Column: The AHSAA had the guts to make a decision many have been scared to
By ALEC ETHEREDGE | Managing Editor
The Alabama High School Athletic Association has faced its share of criticism at times in the past, as any governing body has, but on Wednesday, July 22, the AHSAA had the guts to stand up and make a decision many across the country are scared to make right now.
During their summer Central Board meeting on Wednesday, the AHSAA announced that fall sports would start on time with practice beginning on July 27 and the first date for competitions being Aug. 20.
That decision came after several states pushed back the start of their season by two weeks, including border states Georgia and Mississippi, while states like California have suspended fall sports until at least December.
But the AHSAA realized something those other states didn’t, fall sports can happen and they can happen as originally planned.
Many will criticize the decision, but all you have to do is look at the reaction of 99 percent of athletes and coaches to realize they’re willing to play sports right now, and they deserve that opportunity.
The COVID-19 pandemic has impacted the everyday life for millions of Americans, but the risk for those attending school or playing sports is no higher than any other disease they could come in contact with.
As for fall sports alone, volleyball, swimming and cross country are already spread out sports that could easily be held.
When it comes to football, this state’s bread and butter, it’s one of the most dangerous sports anybody can play. There is the risk of a concussion, a neck injury that could paralyze you, a torn ACL, a broken bone and other serious injuries every time they step on the field.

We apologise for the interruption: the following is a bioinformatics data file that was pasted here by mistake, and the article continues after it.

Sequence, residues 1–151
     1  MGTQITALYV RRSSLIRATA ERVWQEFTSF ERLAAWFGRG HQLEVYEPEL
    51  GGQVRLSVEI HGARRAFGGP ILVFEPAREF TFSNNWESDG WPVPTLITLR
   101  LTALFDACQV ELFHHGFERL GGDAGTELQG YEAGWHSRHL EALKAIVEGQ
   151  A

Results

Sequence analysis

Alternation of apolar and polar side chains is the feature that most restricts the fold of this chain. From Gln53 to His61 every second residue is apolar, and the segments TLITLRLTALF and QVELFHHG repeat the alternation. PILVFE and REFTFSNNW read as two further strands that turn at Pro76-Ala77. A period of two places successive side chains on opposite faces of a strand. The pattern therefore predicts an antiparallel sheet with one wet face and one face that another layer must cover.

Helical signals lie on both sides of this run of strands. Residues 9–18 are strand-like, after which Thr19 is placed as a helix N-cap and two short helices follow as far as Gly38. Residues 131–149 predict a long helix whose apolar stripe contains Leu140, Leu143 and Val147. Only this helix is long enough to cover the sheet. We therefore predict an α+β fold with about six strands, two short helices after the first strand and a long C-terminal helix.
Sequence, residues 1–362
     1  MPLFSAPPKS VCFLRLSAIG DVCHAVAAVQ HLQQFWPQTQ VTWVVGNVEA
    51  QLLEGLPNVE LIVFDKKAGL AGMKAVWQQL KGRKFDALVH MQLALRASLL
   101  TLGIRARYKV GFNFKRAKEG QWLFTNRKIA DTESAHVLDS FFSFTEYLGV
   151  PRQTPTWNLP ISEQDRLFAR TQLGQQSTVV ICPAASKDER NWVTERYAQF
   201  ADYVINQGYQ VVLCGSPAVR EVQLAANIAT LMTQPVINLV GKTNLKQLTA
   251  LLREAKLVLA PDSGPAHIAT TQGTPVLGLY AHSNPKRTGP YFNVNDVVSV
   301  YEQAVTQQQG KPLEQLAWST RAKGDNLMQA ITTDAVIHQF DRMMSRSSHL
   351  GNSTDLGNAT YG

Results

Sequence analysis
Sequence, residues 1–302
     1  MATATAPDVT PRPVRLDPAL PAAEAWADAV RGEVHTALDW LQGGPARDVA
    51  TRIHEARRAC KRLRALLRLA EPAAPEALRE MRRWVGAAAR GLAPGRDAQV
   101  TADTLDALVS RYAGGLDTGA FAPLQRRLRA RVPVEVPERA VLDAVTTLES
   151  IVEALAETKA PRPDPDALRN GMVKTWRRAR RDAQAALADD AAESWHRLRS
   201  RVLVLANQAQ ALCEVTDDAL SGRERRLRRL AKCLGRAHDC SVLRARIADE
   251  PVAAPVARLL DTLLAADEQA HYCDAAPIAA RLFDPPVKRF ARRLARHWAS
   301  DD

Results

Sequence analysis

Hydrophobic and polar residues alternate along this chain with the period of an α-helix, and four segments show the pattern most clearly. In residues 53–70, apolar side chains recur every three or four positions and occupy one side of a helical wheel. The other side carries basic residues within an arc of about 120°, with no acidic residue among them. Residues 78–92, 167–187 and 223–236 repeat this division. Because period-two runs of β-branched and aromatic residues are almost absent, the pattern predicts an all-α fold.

But they step out there and give it their all on every play regardless.
That’s the same with the risk of contracting COVID-19. Right now, numbers say there is a 99.9 percent chance those in the 5-24 age range will survive this virus.
Just stepping on the field and playing the game, you risk a chance of dying.
As for the risk of dying from the virus. During the 2017-18 influenza season, 0.6 percent of deaths were of those in the age range of 5-24. That’s a virus that has a vaccine.
Currently, 0.1 percent of those in that same age range have died from the virus in Alabama due to COVID-19.
I’m not going to blame anyone for thinking it’s the wrong decision and being cautious, and I’m not going to blame those parents who choose to have their athletes sit out this season.
But there is no reason we should prevent those wanting and willing to play from doing so.
Sports are not only an escape for all of us as fans, but for student-athletes, it means so much more.
It helps with their mental health, keeps them out of trouble, helps them put more of an emphasis on education so they can be eligible to play, and possibly most important, it teaches valuable life lessons they’ll use for the rest of their lives.
And if you still think it’s dangerous, most of these athletes have been playing summer travel ball in baseball and softball this summer with very limited shut downs, while football players have been back on campuses since early June with limited shut downs.
Playing a sport where you are supervised constantly by an array of coaches is no more unsafe than what many student athletes would be doing if sports were canceled this fall.
With business reopening, they would be going to the movies, hanging out at pools, playing pick-up games, going to restaurants and just being teenagers anyway. If you don’t think many of them have the last few months already, you’re naïve.
The importance placed on football, or sports in general for that matter, isn’t something that is dangerous, it’s something that changes the lives of young adults.
That’s an aspect the AHSAA not only listened to but understood when making this decision.
Sure it won’t be a normal fall sports season. But it will be a fall sports season nonetheless, which allows student-athletes the chance to better their lives and enjoy doing so.
The AHSAA is going to go through every precaution necessary to make sure playing sports is as safe as possible for each athlete this fall.
I for one, not only applaud them for their effort, but for having the guts to make a decision that is right for the kids and the work they’re willing to put in to make this season happen for them.